In this SCCO decision on a preliminary issue before the start of a Solicitors Act assessment Master Rowley found that whilst the interim statute bills rendered to the client by his solicitors throughout the life of the retainer were to all intents and purpose statute in form and content, the retainers (private and then CFA) did not allow them to be rendered.
“…there is no authority at the level of this Court in which the issue which now arises before us has been authoritatively considered… Accordingly, we must address the issue on first principles and, in particular, as a matter of interpretation. On that issue, we have reached the conclusion that the caps which are set out in CPR 45.43, in particular at (2) and (3), are inclusive of VAT.”
Master Leonard (costs judge) rejected an application to set aside a default costs certificate in the sum of £363,695.28.
The defendant’s costs draftsmen had failed to serve Points of Dispute within the agreed extended time period for doing so as a result of, on their evidence, pressures of work exacerbated by the country going into lockdown in March 2020.
Following service of a default costs certificate four months after the extended deadline had been missed the Defendant applied to set it aside.
The judge found that the Denton criteria applied. It was accepted that the default was both significant and serious. The remaining question to be decided was whether in all the circumstances it would be just, bearing in mind all the circumstances of the case, to set the DCC aside.
The judge found that it was not.
The Claimant’s solicitors appealed a decision of Master James (costs judge) to reduce their success fee in this high value clinical negligence claim from 80% to 50%.
Her Honour Judge Evans-Gordon considered the application of the Chorley principle in the context of this Court of Protection case where, for the material part, a solicitor (“SAP”) had been a party to the proceedings and had an interest in the outcome in that she was the nominated attorney under a disputed LPA. During this time she had acted as a Litigant in Person within the firm by whom she was employed. SAP unsuccessfully sought to recover her costs on the same basis as if she had instructed her solicitor firm to act for her.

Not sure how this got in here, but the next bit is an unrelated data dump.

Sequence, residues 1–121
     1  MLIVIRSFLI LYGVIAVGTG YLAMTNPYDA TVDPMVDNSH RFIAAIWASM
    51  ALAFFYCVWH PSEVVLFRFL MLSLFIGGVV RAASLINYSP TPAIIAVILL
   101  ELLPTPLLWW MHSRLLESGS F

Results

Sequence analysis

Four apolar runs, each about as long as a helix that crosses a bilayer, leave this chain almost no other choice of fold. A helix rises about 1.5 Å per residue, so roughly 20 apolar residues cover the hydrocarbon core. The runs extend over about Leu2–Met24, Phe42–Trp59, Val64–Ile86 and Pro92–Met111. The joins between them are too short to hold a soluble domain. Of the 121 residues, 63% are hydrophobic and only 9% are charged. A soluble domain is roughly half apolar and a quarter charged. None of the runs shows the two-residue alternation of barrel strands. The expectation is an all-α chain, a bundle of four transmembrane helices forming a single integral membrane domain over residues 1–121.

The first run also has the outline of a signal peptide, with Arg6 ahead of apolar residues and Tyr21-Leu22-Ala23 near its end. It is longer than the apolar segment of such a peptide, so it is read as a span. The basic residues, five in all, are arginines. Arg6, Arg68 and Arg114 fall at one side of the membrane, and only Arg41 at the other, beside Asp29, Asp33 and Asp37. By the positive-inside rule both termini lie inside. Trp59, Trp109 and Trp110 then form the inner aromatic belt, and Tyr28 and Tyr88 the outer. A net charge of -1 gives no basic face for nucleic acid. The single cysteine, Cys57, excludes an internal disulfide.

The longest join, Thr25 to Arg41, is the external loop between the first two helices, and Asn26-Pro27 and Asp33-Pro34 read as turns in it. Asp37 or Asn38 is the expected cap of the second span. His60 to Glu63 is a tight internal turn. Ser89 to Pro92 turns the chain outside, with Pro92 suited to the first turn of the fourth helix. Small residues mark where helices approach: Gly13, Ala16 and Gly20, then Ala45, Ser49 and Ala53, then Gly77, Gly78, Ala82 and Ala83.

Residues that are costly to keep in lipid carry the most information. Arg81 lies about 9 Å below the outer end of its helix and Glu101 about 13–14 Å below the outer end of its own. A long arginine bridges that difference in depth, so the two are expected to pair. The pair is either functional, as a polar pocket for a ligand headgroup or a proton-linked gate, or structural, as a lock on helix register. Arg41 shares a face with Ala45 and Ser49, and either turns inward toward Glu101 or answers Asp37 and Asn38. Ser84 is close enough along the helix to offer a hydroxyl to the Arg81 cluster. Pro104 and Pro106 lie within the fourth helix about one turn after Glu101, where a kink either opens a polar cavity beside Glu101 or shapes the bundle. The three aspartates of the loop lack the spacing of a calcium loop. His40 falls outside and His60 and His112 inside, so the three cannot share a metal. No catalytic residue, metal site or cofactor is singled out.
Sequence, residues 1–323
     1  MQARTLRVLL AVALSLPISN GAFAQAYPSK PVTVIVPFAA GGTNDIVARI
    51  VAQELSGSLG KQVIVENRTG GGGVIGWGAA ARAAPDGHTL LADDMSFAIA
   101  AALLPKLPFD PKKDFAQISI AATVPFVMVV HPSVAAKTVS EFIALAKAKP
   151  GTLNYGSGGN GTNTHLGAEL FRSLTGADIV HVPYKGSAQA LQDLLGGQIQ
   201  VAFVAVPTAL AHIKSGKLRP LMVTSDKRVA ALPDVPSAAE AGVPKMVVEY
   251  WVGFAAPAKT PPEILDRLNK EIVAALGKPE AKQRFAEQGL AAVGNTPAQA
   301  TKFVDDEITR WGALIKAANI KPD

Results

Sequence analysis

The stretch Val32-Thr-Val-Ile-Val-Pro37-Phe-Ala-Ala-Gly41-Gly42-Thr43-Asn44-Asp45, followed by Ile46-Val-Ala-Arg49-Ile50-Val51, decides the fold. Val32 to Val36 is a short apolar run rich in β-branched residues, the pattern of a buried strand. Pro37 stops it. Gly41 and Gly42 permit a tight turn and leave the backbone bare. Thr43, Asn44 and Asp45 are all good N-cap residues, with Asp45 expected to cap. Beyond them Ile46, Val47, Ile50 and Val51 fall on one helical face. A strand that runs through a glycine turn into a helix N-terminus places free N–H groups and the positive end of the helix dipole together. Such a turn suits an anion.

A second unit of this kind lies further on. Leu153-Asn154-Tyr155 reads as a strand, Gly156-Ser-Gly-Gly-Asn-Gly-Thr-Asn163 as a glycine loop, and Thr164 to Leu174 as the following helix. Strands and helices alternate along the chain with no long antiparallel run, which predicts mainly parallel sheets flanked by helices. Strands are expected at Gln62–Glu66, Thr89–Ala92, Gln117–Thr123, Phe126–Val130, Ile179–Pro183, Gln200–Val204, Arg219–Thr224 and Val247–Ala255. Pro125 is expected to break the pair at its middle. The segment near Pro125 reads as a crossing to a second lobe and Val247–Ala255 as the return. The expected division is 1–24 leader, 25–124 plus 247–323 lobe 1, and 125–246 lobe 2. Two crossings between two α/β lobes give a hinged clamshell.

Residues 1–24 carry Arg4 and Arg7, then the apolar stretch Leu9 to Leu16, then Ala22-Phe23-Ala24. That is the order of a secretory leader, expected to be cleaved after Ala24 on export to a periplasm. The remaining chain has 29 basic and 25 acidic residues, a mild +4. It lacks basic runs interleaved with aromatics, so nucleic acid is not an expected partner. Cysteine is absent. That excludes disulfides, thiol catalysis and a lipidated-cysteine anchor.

This appeal from a summary assessment of costs was brought on grounds that the District Judge had failed to have sufficient regard to the components of the claimant’s N260 Statement of Costs and had effectively imposed her own unilateral tariff without any calculation or proper reasoning, contrary to the Court of Appeal’s guidance in 1800 Flowers Inc v Phonenames Limited  EWCA Civ 721.
This Court of Appeal decision concerned the circumstances in which the award to a Claimant who beats its own Part 36 Offer of some or all of the specified relief under CPR 36.17 may be considered to be unjust.
This Court of Appeal decision emphasised Clarke LJ’s rejection in Excalibur Ventures LLC v Texas Keystone Inc.  EWHC 566 (Comm) of the proposition that “the test for the sum to award was the “irreducible minimum””, and Leggatt LJ’s decision in Dana Gas v Dana Gas Sudek  EWHC 332 (Comm) that “A logical approach is to start by estimating the amount of costs likely to be recovered on a detailed assessment and then to discount this figure by an appropriate margin to allow for error in the estimation.”
In this short judgment, Master James (costs judge) dealt with an application by the paying party for disallowance of the Claimant’s costs on grounds of unreasonable and improper conduct.
A solicitor who wishes to rely on having been given informed consent for the purposes of CPR 46.9(2) must not only point to a written agreement which meets the requirements of the rule, but must also show that his client gave informed consent to that agreement insofar as it permitted payment to the solicitor of an amount of costs greater than that which the client could have recovered from another party to the proceedings. For this purpose, the solicitor must show that he made sufficient disclosure to the client.